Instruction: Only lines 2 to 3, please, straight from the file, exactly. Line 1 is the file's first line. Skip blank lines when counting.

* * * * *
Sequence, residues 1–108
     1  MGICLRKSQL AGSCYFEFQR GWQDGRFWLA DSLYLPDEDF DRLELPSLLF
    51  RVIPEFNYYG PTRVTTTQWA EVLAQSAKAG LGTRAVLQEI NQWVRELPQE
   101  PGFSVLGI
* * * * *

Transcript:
     1  MGICLRKSQL AGSCYFEFQR GWQDGRFWLA DSLYLPDEDF DRLELPSLLF
    51  RVIPEFNYYG PTRVTTTQWA EVLAQSAKAG LGTRAVLQEI NQWVRELPQE